4. The drafting of contracts

4. The drafting of contracts

4.1 The Importance of the Assignment Contract

With clear formulations against misunderstandings
The posting of an employee abroad is not covered by general management law. A longer stay abroad can therefore only take place on a new contractual basis. In addition, a posting abroad also creates a need for regulations in the areas of insurance and taxes. Many rules which are self-evident in a German employment relationship subject to social insurance contributions only apply under certain conditions when posting abroad. Contrary to the otherwise widespread use of Spartan standard contracts, I recommend enriching the secondment contract with clarifying information in order to avoid unnecessary questions and to create the necessary regulatory certainty. The secondment contract is a reference work for the expatriate in case of doubt. Especially in the area of remuneration, clear and unambiguous definitions are of great importance if subsequent and unproductive disputes are to be avoided.

4.2 The principles of contract design

Various design options
As a rule, the expatriate has an employment relationship with the sending domestic employer. In order to adapt the employment relationship to the conditions of a posting, there are essentially four options. Another option is ultimately to transfer the employee to a foreign company. Occasionally, the original domestic employment relationship with the employer is terminated and replaced by a secondment contract.

This secondment contract then regulates the domestic employment relationship as well as the questions of the foreign employment relationship. The advantage of this option is that there is ultimately only one single contractual text. The disadvantage is that this solution has the bitter aftertaste of a declaration of termination.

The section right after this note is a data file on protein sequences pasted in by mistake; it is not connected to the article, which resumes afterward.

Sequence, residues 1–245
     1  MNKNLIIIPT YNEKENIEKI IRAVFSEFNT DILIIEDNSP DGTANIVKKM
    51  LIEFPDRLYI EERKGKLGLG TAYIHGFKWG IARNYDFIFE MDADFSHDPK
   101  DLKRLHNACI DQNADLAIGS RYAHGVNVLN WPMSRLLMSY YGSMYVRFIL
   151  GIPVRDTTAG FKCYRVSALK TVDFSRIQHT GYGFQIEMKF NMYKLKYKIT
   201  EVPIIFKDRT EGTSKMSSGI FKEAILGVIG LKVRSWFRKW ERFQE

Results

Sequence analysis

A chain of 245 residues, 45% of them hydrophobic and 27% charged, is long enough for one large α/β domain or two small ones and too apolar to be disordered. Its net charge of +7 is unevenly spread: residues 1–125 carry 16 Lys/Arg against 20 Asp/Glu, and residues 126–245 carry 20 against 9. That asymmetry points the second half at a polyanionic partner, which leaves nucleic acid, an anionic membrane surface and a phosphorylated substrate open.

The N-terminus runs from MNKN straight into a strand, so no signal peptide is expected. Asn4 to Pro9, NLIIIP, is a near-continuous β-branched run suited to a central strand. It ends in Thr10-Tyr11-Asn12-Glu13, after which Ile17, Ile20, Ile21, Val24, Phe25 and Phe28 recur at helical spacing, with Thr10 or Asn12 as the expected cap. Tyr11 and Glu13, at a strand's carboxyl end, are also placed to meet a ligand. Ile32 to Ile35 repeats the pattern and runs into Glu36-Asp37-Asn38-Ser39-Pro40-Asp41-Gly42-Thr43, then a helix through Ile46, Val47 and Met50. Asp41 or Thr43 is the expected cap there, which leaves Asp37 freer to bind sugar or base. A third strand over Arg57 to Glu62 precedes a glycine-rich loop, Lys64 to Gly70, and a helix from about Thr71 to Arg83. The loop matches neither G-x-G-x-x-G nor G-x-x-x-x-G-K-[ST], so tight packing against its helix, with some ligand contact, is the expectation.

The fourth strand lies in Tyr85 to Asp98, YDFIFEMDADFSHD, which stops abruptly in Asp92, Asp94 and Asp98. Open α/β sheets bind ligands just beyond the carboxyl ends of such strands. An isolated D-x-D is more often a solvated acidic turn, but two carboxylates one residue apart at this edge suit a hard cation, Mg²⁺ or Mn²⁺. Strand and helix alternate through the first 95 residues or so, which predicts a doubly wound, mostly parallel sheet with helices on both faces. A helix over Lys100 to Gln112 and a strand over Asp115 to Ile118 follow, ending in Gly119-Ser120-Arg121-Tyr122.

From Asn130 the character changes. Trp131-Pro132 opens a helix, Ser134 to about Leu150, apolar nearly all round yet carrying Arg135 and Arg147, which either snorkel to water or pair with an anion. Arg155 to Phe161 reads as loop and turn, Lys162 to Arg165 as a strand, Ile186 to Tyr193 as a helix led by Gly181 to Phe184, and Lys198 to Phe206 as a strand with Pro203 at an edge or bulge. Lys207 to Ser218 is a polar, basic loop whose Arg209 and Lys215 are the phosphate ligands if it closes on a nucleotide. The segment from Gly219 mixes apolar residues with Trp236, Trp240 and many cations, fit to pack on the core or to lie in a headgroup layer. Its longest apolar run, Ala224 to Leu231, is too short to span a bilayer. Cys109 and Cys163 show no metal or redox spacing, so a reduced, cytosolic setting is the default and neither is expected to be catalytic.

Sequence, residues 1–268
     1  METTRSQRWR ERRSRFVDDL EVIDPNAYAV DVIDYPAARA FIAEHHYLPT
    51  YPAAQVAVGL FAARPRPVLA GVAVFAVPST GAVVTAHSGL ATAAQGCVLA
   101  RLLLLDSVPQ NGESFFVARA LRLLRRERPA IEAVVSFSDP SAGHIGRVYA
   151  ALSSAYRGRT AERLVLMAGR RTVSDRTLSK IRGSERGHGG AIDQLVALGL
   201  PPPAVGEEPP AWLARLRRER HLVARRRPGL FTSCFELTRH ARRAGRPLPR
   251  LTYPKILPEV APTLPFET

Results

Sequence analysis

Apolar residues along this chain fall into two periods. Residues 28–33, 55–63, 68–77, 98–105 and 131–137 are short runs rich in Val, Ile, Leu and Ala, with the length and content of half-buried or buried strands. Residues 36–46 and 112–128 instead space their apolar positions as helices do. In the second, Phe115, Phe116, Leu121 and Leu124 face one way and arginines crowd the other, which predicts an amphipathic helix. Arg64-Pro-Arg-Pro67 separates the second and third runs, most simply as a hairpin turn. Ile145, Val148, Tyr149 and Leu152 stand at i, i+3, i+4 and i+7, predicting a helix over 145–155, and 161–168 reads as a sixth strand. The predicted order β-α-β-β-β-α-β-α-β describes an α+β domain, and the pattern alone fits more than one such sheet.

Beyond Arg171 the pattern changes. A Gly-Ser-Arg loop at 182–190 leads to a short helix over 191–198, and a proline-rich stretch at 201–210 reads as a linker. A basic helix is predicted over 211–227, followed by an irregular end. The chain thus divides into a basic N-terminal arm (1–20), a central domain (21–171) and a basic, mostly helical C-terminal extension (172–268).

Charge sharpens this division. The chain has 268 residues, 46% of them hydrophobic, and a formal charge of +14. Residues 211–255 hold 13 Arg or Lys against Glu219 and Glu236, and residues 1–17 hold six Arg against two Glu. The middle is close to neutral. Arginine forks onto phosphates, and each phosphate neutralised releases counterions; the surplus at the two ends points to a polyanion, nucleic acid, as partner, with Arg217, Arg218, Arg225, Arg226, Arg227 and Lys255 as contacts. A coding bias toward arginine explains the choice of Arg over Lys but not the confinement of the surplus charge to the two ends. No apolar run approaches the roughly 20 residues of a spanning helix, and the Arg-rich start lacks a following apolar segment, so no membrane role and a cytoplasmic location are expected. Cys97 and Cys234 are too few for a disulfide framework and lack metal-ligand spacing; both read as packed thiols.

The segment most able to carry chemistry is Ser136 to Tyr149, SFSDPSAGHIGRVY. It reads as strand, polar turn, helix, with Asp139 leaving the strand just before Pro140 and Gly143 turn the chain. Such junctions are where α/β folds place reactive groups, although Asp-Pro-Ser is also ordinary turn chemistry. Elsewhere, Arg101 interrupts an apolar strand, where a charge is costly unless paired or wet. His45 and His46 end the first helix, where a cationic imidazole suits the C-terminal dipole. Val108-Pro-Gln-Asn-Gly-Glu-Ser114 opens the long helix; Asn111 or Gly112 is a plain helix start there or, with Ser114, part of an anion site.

The same result can be achieved by a termination agreement. This design possibility has the advantage that there is only one single contract text without the disadvantage of the bitter aftertaste of a notice of termination. The question, however, is whether this procedure is also a sensible decision for the employee to be sent from a psychological point of view.

Interim agreement
In many cases, the original domestic employment relationship is passivated by a framework agreement. The suspension agreement suspends the main obligations arising from the employment relationship for a certain period of time with the proviso that they are to occur again after a certain key date or a certain period of time or a certain event. This option has the advantage for the employee that he or she is informed of his or her future fate after the end of his or her stay abroad due to the re-incorporation of the old conditions. For the sending employer, this regulation has the initially incalculable disadvantage that he must continue to employ the employee under the old conditions after the posting abroad.

Supplementary contract